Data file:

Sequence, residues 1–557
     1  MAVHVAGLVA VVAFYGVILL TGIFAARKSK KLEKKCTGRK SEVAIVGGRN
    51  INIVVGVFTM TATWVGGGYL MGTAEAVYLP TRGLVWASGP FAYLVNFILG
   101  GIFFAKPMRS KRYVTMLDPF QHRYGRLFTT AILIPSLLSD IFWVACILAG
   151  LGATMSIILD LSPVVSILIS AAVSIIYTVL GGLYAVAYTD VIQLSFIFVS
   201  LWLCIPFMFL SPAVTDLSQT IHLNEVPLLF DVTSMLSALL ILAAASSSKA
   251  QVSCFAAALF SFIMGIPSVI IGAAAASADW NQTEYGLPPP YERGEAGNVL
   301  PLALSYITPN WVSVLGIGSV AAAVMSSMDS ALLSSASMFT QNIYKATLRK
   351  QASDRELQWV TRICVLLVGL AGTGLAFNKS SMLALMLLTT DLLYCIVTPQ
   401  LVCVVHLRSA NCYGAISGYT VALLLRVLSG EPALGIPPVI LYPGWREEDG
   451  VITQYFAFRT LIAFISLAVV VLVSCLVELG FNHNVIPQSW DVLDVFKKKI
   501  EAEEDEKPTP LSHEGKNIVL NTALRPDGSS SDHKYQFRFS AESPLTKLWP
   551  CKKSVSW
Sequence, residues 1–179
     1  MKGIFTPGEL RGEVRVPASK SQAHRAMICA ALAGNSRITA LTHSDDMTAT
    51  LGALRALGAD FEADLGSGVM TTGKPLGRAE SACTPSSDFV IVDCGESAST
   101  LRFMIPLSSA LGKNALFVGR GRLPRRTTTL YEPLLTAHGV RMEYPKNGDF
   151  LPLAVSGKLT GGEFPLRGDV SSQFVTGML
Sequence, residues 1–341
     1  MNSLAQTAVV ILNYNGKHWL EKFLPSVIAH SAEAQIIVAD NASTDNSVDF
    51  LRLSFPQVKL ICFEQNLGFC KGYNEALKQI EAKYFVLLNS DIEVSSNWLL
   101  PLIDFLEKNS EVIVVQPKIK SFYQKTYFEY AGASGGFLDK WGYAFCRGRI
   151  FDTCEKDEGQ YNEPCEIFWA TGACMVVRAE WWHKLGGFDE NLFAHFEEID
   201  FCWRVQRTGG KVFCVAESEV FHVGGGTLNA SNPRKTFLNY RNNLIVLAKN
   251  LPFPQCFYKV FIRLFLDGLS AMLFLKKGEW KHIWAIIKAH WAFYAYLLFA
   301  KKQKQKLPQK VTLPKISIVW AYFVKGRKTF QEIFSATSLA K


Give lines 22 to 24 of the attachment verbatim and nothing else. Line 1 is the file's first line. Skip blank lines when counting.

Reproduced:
   101  PLIDFLEKNS EVIVVQPKIK SFYQKTYFEY AGASGGFLDK WGYAFCRGRI
   151  FDTCEKDEGQ YNEPCEIFWA TGACMVVRAE WWHKLGGFDE NLFAHFEEID
   201  FCWRVQRTGG KVFCVAESEV FHVGGGTLNA SNPRKTFLNY RNNLIVLAKN